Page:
Why I Want to Quit Facebook…But Won’t
March 20, 2014 § 7 Comments
This past year it has been so fun watching Evy grow and become a little person of her own. It’s amazing to think that a year ago she would stay put in one place, and now she’s crawling everywhere, climbing on things, eating real food, drinking out of a sippy cup, saying many words, and walking with our support or along furniture. “Wait,” you’re thinking, “did I read that right? She’s still not walking on her own?” Maybe you didn’t think that, but I have definitely thought it a time or two. And this thought is one of the reasons I’ve considered getting rid of my Facebook account. It’s called the Mommy Wars.
I’ve especially noticed that people who have their first children tend to post many of these things on Facebook as a way to brag. And what does this bragging do? It makes others whose children may not have reached those milestones quite yet feel as if their children are somehow inferior. None of this really bothered me until recently, when Evy was still mainly crawling despite many babies a few weeks younger than her who were already walking. Because Evy had been on the earlier end when it came to rolling, teeth, and crawling, I just assumed she’d also be walking early (and my naturally competitive personality definitely hoped so!). But she is not interested in it. Not at all. No, she is cautious. So cautious that she will practically run while holding on with both hands to our hands, but if we let go, she stubbornly decides to sit on the ground.
Mommy wars can include a range of subjects—from why it is “better” for moms to work or stay at home, to whose children are smarter and/or cuter. And they don’t just include moms. Dads and grandparents are not exempt, lest we try to give them a pass. For me, I have noticed that people tend to brag about things that they cannot control. For example, someone’s child gets a tooth early or has more hair or rolls early and that child is suddenly “advanced.” (Because we all have friends who are super smart and have attributed it to their advanced dental, follicle, or rolling abilities.)
Curious if this meant anything, I decided to use my job as a researcher and look into it . . . by Googling it :) And, of course, using the search terms “early crawler, late walker” I found many articles that explained that babies who crawl early and walk later are actually smarter, because they have to use both sides of their brains when crawling, which is much more cognitive labor than just walking. Of course, as one of Steve’s coworkers told me, the internet is like the lamppost for the drunk: often used for support instead of illumination. This explains why changing one’s search terms can also bring up other results that explain that there is actually no real significance between children who crawl longer than others.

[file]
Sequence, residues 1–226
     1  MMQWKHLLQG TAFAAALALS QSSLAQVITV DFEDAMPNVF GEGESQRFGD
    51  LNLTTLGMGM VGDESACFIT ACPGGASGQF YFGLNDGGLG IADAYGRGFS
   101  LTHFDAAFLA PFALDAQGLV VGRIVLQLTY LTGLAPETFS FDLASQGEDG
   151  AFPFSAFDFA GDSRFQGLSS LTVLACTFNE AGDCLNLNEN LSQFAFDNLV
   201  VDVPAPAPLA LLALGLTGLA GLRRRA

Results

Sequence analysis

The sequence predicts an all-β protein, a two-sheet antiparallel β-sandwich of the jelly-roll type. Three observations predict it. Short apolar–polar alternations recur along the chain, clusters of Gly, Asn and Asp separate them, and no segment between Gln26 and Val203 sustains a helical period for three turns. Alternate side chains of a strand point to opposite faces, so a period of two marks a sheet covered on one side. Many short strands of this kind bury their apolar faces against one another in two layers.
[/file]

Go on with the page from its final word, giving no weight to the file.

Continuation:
What it all comes down to is the normal range. Although parents are often told what is average, we have to keep in mind that average is just that, the average. In fact most kids fall on either side of the average, in the “normal” range. So, for example, the normal range for walking is nine to sixteen months old, yet the average is one year. Evy is almost 14 months old, and she’s doing just fine. She’s walking faster when she holds our hands, balancing on her own at times, and also developing in other ways, such as language and social skills. As one article stated, when children decide to walk is a combination of three main factors: strength, balance, and temperament. It seems as if Evy inherited my temperament to play it safe. She is not a risk taker when it comes to walking, and until she is absolutely sure she can do it, I think she’s going to hold on to our hands for dear life. However, I have a feeling when she decides to let go, she may be running, or at least speed walking :)
Although it drives me crazy to see post after post of people bragging about why their kid is more advanced or cuter than others (we all think that about our own kids, don’t we?), I will likely stay on Facebook because it is the quickest way for me to share photos of Evy with family. But, when it comes to her development, I won’t compare her to other babies, because each baby is unique and, “No matter which baby in the neighborhood walks first or wins the speed race, the age of walking has nothing to do with eventual intelligence or motor skills. When and how your baby walks is as unique as his [or her] personality.” And I absolutely love Evy’s personality.